A series of fascinating public television
programs entitled Secrets of the Dead: Mystery of the Black Plague (http://www.pbs.org/wnet/secrets/case_plague/index.html) and Frontline: The Age of AIDS
(http://www.pbs.org/wgbh/pages/frontline/aids/) really brought a revelation to me of the importance of random genotropic mutations in
the continual, ongoing evolution of our species. In particular, I refer to the rise of the CCR5-D (delta) 32 allele in Western
Europe and the part it has played in rendering the bacterial Bubonic and Pneumonic Plague and the HIV-1 virus impotent in
causing fatality to the mutation's recipient.
It is a revelation, I say, because proponents of natural selection possess
a nearly irrefutable example of how gradually an organism - in this case, Homo sapiens sapiens - under intense environmental
pressure from microbial diseases can experience change in their genetic structure, the coding for the very proteins which
define a species. (http://ib.berkeley.edu/labs/slatkin/novembre/GalvaniNovembreMicInf2005.pdf)
The explosion of the delta32 mutation among human populations of Western Europe
(a mutation of uniquely Scandinavian origin roughly 2000 years ago) was brought about by environmental pressure beginning
with the introduction of the plague in Italy in about 1347. Geneticists have proved today that those individuals with the
CCR5-D32 deletion mutation on one chromosome still contracted the disease but successfully recovered, while those carrying
the mutation on both chromosomes were virtually immune to the plague's effects.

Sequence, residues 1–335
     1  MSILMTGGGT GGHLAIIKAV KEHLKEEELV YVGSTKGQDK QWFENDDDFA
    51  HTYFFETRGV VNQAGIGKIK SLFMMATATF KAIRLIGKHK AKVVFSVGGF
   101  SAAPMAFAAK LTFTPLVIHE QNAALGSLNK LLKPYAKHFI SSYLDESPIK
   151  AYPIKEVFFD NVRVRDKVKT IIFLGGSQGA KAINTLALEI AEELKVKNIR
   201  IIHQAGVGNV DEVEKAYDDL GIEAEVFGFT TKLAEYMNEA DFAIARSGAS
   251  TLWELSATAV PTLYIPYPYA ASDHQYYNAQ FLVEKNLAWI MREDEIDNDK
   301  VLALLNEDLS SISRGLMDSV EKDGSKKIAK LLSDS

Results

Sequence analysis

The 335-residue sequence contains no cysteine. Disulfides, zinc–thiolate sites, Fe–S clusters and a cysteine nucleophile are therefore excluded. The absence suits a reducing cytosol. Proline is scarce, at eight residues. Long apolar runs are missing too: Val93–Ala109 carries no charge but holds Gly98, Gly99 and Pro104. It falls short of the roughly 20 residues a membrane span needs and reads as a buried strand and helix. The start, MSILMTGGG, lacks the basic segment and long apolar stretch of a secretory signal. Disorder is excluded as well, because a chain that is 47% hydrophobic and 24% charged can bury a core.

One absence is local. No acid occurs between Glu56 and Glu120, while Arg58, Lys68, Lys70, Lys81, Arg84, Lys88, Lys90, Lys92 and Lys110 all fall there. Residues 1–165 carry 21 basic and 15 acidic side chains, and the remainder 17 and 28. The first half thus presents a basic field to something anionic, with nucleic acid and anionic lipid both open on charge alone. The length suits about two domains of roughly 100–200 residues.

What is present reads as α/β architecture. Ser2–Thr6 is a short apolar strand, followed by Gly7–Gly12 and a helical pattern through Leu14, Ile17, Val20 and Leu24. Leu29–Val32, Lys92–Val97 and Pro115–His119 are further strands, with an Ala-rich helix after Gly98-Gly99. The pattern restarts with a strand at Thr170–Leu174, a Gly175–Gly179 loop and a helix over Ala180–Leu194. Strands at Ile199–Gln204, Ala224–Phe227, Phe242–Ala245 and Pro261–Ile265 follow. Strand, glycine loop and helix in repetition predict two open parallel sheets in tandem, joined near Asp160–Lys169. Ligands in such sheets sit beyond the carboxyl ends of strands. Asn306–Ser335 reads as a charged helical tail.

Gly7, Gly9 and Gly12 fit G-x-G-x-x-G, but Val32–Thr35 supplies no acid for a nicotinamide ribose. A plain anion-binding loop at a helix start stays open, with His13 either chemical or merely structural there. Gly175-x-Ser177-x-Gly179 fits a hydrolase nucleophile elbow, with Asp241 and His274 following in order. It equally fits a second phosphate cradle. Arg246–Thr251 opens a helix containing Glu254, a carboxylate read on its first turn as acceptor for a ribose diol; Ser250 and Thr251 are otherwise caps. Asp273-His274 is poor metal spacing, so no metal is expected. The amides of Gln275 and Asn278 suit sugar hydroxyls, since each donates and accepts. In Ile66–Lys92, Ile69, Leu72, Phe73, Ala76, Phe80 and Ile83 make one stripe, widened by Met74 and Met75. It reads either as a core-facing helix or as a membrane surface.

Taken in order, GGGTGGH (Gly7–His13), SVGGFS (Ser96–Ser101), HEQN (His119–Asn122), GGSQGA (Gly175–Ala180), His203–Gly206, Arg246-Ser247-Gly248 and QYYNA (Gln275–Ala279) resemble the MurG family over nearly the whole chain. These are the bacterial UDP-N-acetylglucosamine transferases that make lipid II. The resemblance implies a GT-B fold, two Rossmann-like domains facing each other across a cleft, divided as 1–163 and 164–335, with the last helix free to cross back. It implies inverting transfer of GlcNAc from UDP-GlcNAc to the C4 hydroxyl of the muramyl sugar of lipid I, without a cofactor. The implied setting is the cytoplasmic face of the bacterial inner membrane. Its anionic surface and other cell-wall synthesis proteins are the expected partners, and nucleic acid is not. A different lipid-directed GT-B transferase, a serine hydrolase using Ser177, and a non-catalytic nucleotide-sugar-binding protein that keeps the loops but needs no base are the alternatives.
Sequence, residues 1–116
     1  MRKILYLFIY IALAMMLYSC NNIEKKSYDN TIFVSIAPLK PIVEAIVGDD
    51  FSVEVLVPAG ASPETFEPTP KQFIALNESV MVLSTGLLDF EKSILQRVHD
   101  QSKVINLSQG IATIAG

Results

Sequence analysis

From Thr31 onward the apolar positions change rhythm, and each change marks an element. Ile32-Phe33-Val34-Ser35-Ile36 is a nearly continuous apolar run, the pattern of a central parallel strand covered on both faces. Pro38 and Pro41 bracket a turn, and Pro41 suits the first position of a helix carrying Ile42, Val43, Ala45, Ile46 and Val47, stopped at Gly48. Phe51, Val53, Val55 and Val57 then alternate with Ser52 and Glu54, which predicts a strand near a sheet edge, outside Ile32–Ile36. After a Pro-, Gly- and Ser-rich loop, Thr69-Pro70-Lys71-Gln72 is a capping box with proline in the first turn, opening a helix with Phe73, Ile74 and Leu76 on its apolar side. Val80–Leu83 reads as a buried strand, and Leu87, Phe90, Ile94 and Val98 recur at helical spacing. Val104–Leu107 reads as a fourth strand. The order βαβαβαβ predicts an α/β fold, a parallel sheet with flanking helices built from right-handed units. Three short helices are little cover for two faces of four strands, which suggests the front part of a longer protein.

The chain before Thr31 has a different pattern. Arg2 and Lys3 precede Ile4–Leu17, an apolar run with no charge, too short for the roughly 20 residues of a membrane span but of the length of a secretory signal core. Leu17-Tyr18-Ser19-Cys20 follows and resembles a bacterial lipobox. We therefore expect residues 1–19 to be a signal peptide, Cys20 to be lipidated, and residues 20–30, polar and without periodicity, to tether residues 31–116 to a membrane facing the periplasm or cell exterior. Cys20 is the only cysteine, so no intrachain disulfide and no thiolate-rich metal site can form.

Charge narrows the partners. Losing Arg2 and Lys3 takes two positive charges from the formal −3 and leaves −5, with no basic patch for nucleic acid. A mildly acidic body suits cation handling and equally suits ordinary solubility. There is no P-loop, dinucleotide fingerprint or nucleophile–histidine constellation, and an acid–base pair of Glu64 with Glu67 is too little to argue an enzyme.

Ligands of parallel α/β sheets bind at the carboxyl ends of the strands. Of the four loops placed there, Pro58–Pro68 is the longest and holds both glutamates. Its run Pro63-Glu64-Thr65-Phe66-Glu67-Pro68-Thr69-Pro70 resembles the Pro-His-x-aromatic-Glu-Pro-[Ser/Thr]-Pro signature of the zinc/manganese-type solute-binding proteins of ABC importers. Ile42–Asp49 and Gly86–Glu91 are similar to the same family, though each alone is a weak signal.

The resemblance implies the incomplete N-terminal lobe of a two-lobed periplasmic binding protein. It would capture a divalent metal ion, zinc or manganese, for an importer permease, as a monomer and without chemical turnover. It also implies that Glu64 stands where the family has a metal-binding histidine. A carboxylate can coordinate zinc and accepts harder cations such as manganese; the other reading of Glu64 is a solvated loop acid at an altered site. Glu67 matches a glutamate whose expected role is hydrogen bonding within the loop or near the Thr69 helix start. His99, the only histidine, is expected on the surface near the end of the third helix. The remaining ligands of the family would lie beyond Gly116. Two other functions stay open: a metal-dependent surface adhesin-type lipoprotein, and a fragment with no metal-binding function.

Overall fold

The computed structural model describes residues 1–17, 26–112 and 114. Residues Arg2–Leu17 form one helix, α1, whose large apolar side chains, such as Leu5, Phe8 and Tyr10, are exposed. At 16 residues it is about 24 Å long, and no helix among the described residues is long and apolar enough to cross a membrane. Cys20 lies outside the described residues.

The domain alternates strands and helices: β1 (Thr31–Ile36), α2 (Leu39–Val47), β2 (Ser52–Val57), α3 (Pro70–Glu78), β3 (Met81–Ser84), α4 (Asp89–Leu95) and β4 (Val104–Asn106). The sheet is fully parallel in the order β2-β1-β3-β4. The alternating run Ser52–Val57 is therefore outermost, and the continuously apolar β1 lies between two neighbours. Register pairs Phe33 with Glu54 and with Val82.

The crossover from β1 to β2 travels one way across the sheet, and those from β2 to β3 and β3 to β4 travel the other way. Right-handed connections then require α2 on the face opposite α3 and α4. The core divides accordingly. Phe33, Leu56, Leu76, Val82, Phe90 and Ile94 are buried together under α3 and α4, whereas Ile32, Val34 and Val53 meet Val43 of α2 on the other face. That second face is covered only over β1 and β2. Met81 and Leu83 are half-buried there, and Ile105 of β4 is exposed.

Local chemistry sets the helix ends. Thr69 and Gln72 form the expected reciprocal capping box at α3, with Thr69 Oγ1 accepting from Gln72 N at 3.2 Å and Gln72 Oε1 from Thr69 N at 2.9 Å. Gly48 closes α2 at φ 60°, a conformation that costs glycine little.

Interestingly enough, HIV-1 virus
attacks the immune system (T-cells receptors) in nearly the same manner as the plague, even though the former is a virus and
the latter is a bacterium. Individuals who possess the CCR5-D32 mutation also show a heightened resistance to the HIV virus
and even immunity in some cases. Because of these two infectious agents over a nearly 700-year period, estimates place the
frequency of the mutation between 10 and 20 percent among human populations of European descent.
Today, given that
the Black Death was relatively uncommon among the inhabitants of continents like Africa and Asia and among Native Americans
in the New World, individuals from these ethnicities exposed to the HIV-1 virus are 1) more likely to contract it and 2) more
likely to die from it once contracted.
Although the relative frequency of the CCR5-D32 deletion mutation is negligible
among inhabitants of Africa and Asia, those few individuals who may have somehow inherited the mutation through a European
ancestor will prove more likely to survive the AIDS pandemic, thereby increasing the incidence of the mutation even on these
continents. I suspect that as the fatal HIV virus runs its course in the decades ahead (as all deadly pathogens eventually
do), natural selection will globally favor those individuals who possess the mutation and its frequency in the human genome
will continue to increase significantly.
Whether future unforeseen pandemics will place further environmental pressure
favoring selection of the D32 mutation until the deletion becomes the genetic "rule" rather than the exception cannot be known
with certainly; yet one thing that can be said with a measure of absolutism is that regardless of how far our technology and
social institutions evolve, nature will continue to exert its influence on our species, subtle or otherwise. Natural selection
is a real and vibrant force that will continue to operate as long as our planet can sustain viable life, enacting its own
version, comparatively speaking, of genetic "uniformitarianism" and "catastrophism."
So, why is any of this important?